more recently the shorter distance and better fruit have given the advantage to the nearer islands; and now, while New Orleans still draws from the older source, Cuba and Jamaica supply the North almost exclusively; and of these two, Jamaica is the more fertile, yields better fruit, is the more healthful in climate, the more beautiful for scenery, the more agreeable for residence or travel. A visit to the "gem of the Antilles, then," may show us something of the growth and treatment of this fruit which has come to vie with our own apples as a staple article in our dietary.
Like the palms and the grains, the banana plant is one of the "endogenous" plants of the older botanists. Its nearest relatives familiar in our climate are the Cannas, of late much grown, which give to our summer lawns an air so distinguished and so tropical. While broad-leaved, like the Cannas, the banana plant has the treelike aspect of the palms, with a stout, erect, and rounded bole capped by the splendid cluster of spreading leaves. Yet, unlike the palms, it is not truly a tree; for, while the palms, like all trees, have solid, woody trunks, albeit constructed on a plan radically different from that of the woody plants of our own fields, the apparent trunk of the "banana tree" is made up only of the soft, sheathing bases of the leaves. These arise from the true stem, a rounded, fleshy mass at the surface of the ground, from which also the roots descend. The huge leaf-bases, several feet in length, tightly inclose each other and form a compact body as thick as a man's thigh, narrowing upward into short leafstalks, which bear the large though graceful oblong blades. Within this cylinder of leaf-bases is the growing-point, or bud, from which new leaves continue to be pushed forth until the plant is full grown. Each leaf emerges in its turn from the center of the crown of leaves, a beautiful, erect roll, pushing straight upward into the air. Gradually unrolling as it finds room, the blade at last flattens out and bends to one side, and another leaf is added to the crown. Few leaves are more attractive than these young banana leaves in their first freshness of delicate green, of perfect form and grace, and of spotless purity. But with increasing age the color deepens, and the first wind and rain tear the exquisite blade in numberless places between its parallel veins; so that an old leaf becomes finally but two rows of ribbons and tatters, dull or dry, fringing a battered leaf-stalk.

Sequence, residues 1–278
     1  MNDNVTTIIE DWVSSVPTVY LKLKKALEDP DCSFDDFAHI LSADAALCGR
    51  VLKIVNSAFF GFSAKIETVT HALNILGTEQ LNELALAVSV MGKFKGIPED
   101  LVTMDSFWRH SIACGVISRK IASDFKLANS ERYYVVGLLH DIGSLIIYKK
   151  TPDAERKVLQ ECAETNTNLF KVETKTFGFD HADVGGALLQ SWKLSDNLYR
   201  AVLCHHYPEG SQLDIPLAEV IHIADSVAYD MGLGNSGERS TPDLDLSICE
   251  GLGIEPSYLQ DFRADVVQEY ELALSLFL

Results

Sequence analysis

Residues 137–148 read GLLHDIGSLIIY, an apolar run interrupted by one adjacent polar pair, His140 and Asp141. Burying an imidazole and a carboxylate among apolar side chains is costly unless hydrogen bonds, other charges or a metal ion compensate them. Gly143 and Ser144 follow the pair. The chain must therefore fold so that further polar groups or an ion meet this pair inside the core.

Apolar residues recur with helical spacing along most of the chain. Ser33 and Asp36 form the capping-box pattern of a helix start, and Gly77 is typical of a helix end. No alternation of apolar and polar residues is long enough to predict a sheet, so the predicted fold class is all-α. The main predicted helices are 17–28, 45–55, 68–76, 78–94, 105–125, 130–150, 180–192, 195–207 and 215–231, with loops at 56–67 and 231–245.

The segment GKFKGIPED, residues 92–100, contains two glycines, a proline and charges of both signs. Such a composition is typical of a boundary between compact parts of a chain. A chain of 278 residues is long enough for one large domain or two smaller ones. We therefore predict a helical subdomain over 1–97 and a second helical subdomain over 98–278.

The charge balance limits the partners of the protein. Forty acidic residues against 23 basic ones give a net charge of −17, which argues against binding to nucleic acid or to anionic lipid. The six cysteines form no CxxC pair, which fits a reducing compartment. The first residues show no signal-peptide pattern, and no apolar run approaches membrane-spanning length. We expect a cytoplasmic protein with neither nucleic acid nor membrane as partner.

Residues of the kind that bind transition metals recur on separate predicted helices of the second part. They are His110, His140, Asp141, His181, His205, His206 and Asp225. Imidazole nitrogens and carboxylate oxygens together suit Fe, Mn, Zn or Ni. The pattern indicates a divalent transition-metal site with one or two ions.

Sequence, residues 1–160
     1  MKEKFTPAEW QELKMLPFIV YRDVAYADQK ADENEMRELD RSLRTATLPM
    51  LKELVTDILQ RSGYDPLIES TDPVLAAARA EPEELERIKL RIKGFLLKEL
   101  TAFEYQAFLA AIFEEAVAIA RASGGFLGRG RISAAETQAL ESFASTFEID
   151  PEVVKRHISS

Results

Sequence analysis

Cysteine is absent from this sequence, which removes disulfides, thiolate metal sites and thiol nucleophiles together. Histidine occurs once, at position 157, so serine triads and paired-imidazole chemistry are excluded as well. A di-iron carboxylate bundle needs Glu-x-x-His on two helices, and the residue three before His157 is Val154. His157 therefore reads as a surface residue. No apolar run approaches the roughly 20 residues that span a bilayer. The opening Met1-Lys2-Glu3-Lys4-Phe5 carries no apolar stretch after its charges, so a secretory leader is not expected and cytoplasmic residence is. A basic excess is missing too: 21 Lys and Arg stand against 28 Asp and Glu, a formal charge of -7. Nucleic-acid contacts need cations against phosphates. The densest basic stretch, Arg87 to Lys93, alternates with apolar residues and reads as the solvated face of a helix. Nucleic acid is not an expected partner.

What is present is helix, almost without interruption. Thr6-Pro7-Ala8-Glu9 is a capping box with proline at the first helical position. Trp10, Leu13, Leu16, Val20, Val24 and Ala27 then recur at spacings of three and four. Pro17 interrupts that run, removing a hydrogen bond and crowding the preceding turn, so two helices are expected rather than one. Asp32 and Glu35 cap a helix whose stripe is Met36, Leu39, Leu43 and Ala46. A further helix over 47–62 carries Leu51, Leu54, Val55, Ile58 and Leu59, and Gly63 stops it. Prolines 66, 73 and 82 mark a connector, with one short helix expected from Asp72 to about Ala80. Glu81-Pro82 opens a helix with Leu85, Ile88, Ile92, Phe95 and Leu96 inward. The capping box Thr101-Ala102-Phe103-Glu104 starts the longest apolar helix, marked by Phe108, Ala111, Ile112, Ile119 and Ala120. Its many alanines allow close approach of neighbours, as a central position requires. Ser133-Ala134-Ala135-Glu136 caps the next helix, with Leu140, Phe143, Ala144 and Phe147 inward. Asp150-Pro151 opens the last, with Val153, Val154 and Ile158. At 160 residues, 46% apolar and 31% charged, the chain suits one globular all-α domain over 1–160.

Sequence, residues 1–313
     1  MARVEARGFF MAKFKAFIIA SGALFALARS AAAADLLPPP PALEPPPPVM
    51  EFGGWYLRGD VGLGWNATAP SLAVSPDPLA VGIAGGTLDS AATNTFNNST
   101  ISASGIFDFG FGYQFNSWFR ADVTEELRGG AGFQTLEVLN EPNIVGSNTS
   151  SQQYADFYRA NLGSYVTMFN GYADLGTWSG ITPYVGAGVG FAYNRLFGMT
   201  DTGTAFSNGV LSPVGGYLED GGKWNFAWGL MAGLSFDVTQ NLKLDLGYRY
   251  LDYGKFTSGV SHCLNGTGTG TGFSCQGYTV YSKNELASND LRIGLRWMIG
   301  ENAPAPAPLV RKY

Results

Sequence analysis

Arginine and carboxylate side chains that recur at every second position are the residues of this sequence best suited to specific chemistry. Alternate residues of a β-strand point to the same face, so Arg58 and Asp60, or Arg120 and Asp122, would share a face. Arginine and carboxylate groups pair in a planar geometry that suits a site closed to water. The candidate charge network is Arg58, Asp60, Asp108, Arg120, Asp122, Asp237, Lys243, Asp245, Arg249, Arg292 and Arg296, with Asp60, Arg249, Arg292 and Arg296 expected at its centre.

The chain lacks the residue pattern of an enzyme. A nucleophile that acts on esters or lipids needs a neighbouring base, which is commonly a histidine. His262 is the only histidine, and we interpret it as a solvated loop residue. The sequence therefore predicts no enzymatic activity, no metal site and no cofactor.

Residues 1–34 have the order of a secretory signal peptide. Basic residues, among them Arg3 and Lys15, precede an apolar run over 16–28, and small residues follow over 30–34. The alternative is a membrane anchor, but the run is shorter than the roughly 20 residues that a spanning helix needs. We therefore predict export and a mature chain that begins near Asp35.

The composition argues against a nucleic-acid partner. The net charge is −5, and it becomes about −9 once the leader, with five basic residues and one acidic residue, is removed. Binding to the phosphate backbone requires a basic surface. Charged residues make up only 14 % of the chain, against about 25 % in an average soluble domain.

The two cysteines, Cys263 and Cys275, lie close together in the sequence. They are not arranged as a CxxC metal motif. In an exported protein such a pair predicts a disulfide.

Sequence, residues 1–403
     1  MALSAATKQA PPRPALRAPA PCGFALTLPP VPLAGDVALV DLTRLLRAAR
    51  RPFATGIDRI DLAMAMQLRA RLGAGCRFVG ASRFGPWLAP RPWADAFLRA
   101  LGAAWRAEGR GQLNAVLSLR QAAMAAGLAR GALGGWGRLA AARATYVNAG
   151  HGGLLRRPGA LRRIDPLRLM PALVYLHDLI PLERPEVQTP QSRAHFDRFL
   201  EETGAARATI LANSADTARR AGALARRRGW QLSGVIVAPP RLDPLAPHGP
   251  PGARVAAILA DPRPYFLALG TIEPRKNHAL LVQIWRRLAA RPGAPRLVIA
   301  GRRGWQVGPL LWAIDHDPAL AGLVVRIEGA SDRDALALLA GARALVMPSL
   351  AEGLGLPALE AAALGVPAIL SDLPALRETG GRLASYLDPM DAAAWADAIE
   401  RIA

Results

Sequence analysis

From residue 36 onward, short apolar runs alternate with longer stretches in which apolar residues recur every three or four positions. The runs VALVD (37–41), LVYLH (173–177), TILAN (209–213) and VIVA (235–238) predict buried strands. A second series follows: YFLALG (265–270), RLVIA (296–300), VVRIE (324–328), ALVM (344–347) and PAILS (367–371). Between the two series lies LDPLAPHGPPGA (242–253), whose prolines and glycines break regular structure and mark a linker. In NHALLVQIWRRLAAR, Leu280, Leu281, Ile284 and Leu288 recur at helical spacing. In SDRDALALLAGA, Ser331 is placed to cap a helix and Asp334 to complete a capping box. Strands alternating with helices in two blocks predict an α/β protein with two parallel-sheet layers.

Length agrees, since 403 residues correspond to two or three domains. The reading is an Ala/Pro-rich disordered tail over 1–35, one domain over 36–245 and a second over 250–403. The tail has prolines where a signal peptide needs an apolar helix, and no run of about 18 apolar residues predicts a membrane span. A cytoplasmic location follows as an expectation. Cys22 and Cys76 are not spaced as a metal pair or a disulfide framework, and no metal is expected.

After the last leaf has pushed forth and the foliage crown is complete, there appears from its middle the bud for which all the previous activity of the plant has been but the preparation. It emerges as a lanceolate mass borne on a rapidly lengthening stalk. The compact bud may be seen to be composed of close-set purple bracts of fleshy, leaflike texture, tightly overlapping. After a time the outer bract is raised from the underlying ones